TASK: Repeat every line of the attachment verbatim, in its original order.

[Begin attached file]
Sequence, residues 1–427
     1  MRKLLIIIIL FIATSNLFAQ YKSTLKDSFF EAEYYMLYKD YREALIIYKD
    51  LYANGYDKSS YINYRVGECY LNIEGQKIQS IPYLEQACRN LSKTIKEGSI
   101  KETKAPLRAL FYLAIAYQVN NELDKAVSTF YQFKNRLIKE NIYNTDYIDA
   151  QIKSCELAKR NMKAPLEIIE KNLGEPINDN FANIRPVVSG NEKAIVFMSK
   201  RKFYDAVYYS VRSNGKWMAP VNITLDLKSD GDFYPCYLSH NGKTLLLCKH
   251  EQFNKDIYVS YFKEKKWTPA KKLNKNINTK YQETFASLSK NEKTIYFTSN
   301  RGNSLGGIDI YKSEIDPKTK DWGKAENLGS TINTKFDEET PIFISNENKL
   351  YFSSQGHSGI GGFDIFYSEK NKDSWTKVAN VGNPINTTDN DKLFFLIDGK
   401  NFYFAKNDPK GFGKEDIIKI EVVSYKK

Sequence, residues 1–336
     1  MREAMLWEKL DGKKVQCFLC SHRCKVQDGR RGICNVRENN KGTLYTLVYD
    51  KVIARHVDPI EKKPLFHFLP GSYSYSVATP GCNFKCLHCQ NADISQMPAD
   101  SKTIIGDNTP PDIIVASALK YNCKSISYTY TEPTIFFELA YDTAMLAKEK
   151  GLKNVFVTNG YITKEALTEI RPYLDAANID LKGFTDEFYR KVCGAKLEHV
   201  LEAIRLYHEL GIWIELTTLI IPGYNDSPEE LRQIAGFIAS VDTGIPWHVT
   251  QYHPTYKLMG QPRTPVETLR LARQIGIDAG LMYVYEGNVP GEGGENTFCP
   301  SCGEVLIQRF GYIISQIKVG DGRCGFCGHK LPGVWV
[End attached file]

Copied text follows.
Sequence, residues 1–427
     1  MRKLLIIIIL FIATSNLFAQ YKSTLKDSFF EAEYYMLYKD YREALIIYKD
    51  LYANGYDKSS YINYRVGECY LNIEGQKIQS IPYLEQACRN LSKTIKEGSI
   101  KETKAPLRAL FYLAIAYQVN NELDKAVSTF YQFKNRLIKE NIYNTDYIDA
   151  QIKSCELAKR NMKAPLEIIE KNLGEPINDN FANIRPVVSG NEKAIVFMSK
   201  RKFYDAVYYS VRSNGKWMAP VNITLDLKSD GDFYPCYLSH NGKTLLLCKH
   251  EQFNKDIYVS YFKEKKWTPA KKLNKNINTK YQETFASLSK NEKTIYFTSN
   301  RGNSLGGIDI YKSEIDPKTK DWGKAENLGS TINTKFDEET PIFISNENKL
   351  YFSSQGHSGI GGFDIFYSEK NKDSWTKVAN VGNPINTTDN DKLFFLIDGK
   401  NFYFAKNDPK GFGKEDIIKI EVVSYKK

Sequence, residues 1–336
     1  MREAMLWEKL DGKKVQCFLC SHRCKVQDGR RGICNVRENN KGTLYTLVYD
    51  KVIARHVDPI EKKPLFHFLP GSYSYSVATP GCNFKCLHCQ NADISQMPAD
   101  SKTIIGDNTP PDIIVASALK YNCKSISYTY TEPTIFFELA YDTAMLAKEK
   151  GLKNVFVTNG YITKEALTEI RPYLDAANID LKGFTDEFYR KVCGAKLEHV
   201  LEAIRLYHEL GIWIELTTLI IPGYNDSPEE LRQIAGFIAS VDTGIPWHVT
   251  QYHPTYKLMG QPRTPVETLR LARQIGIDAG LMYVYEGNVP GEGGENTFCP
   301  SCGEVLIQRF GYIISQIKVG DGRCGFCGHK LPGVWV